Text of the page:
Being an optimist has its downside. When attracted to someone I often fill in the blanks of all that I don’t know, with what I would like them to be. I endow them with character traits I imagine. I’m not blind to what I see, instead giving credit for qualities not demonstrated. Not necessarily perfect, just perfect for me. As time goes by, I come face to face with the realization that the reality of she isn’t the same as my projections.
On an early date, I took a woman to a public event and an elderly man squeezing past spilled some popcorn on her. She immediately cursed him out for being so stupid. I was horrified. I confess to having little understanding of fabrics and stains and the possibility that butter might ruin an expensive blouse or pair of pants. It’s also possible that I judged her unfairly for falling off my self-created pedestal. It’s certain that I was wrong to demand someone comport themselves in the manner I desire rather than seeing the person for who they are and making decisions based on reality, not fiction.
Pursuing someone because of who you think they are instead of who they are leads to disastrous results. Bob Marley said, “The biggest coward is a man who awakens a woman’s love with no intention of loving her.” Hoping to care for someone isn’t the same thing as actually doing so. I didn’t like the answer when I asked myself if I’ve ever cared more about the chase than in having someone once caught? If I want better I have to do better.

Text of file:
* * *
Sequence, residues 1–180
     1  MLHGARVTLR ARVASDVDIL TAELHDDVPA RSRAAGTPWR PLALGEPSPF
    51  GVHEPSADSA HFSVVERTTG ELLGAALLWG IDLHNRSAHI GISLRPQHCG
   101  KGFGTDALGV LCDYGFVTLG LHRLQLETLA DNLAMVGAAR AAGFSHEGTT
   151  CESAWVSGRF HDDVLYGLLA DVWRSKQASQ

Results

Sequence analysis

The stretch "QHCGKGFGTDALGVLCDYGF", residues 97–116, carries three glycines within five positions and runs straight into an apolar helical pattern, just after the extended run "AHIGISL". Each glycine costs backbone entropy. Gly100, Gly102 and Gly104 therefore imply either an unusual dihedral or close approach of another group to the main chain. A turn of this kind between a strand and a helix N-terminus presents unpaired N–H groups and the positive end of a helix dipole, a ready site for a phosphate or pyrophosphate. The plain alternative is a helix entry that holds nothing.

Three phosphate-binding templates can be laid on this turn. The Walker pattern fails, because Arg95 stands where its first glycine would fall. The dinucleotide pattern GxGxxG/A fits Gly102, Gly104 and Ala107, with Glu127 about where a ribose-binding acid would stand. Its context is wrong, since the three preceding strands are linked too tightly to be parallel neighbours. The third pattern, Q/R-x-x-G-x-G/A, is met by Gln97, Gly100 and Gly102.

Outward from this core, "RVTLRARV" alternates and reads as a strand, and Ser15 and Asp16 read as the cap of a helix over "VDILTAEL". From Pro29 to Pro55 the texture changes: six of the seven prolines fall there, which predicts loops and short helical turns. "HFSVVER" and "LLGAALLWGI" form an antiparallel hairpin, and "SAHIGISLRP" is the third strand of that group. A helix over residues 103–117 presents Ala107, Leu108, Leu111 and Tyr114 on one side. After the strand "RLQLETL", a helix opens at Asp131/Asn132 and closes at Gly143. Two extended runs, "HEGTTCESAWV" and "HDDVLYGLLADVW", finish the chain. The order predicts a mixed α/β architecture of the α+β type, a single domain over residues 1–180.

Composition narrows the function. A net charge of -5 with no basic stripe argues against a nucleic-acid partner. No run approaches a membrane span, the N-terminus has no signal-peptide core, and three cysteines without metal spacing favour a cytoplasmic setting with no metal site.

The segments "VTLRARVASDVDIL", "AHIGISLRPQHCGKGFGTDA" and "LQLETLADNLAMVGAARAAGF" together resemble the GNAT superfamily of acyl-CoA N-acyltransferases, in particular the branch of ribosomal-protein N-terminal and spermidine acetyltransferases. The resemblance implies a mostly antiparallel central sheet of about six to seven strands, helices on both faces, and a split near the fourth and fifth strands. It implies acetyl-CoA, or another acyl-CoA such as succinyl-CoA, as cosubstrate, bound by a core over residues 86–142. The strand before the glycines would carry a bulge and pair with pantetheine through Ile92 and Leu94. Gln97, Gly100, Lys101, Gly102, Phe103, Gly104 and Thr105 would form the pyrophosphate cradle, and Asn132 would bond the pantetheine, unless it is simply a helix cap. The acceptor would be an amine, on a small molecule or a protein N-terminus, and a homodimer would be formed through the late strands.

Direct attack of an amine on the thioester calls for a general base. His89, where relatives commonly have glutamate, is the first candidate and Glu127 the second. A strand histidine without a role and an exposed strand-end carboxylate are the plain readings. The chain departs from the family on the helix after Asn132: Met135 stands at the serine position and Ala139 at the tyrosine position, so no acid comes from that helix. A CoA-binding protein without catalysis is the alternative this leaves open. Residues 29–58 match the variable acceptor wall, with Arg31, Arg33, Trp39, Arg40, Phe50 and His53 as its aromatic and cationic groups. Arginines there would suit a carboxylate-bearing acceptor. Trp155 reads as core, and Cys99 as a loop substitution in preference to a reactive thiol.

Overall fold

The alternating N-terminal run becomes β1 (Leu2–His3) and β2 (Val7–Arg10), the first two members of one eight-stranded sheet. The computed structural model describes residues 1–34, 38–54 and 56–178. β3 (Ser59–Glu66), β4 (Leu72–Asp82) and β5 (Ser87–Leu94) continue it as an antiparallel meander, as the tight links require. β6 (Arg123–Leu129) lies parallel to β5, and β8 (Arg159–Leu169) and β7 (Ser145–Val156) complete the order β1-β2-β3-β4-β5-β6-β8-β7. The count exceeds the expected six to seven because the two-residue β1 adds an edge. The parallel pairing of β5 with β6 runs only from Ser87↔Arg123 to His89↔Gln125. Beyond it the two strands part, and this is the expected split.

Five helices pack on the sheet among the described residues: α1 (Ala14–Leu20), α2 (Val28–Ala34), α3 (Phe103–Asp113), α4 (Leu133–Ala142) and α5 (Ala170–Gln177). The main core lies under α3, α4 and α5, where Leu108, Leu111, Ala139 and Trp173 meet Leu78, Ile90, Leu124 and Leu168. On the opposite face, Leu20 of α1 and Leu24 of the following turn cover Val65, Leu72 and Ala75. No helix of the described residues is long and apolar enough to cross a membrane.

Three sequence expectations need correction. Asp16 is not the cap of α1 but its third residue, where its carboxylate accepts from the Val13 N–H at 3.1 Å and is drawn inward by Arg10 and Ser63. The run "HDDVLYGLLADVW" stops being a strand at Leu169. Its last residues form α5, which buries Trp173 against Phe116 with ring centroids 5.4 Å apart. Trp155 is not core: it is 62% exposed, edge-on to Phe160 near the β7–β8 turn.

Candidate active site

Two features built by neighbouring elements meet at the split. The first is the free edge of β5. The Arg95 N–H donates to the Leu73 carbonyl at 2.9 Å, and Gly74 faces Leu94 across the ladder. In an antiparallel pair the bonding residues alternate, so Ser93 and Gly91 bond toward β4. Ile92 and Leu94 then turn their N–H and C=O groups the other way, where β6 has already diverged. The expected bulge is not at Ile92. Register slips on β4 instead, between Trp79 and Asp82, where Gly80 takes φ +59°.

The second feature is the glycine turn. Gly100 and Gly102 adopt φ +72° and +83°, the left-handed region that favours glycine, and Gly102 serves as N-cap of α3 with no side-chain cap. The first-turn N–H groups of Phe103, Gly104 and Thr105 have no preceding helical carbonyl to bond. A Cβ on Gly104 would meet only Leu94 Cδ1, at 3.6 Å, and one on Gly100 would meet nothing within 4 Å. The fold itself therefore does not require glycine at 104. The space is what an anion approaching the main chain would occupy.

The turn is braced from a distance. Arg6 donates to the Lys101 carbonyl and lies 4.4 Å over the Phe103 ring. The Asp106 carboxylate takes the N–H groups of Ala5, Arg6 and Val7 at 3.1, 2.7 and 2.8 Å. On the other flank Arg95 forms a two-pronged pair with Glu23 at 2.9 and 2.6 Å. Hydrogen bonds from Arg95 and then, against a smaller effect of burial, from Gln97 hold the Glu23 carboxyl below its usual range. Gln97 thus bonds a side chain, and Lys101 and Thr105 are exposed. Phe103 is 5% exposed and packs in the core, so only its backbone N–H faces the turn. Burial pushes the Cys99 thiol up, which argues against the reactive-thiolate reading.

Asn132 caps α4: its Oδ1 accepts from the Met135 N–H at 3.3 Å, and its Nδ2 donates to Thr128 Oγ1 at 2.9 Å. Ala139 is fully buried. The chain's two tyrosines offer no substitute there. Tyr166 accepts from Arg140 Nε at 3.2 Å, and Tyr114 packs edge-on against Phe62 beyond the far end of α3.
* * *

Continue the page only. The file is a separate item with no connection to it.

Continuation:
Getting to actually know someone takes time and requires one to put in the hard work of communication. That work isn’t all painful but honest communication will require risk and trust. Not having those conversations will leave room for doubts to grow and fester. It will involve a negotiation with yourself as to what you can honestly accept and what you can’t. You must also give the other person the opportunity to make informed decisions, not choosing for them what they’re entitled to know. Yes there’s a risk that having serious discussions may reveal you aren’t a match after all but isn’t that the point. A minor disappointment is far preferable to major heartbreak.
Accepting someone for who they are means not hoping to change them. Or criticizing down the road how they dress, walk, and talk. If you acknowledge and accept who they are when you are getting to known them. It will eliminate issues later.
This isn’t a perfect world, nor are there perfect people. There are those out there that given the chance can accept you for who you are. You also need to be willing to see them for who they are, without judgment and without projection. There’s no one else to blame for seeing someone in an imaginary light of your own creation.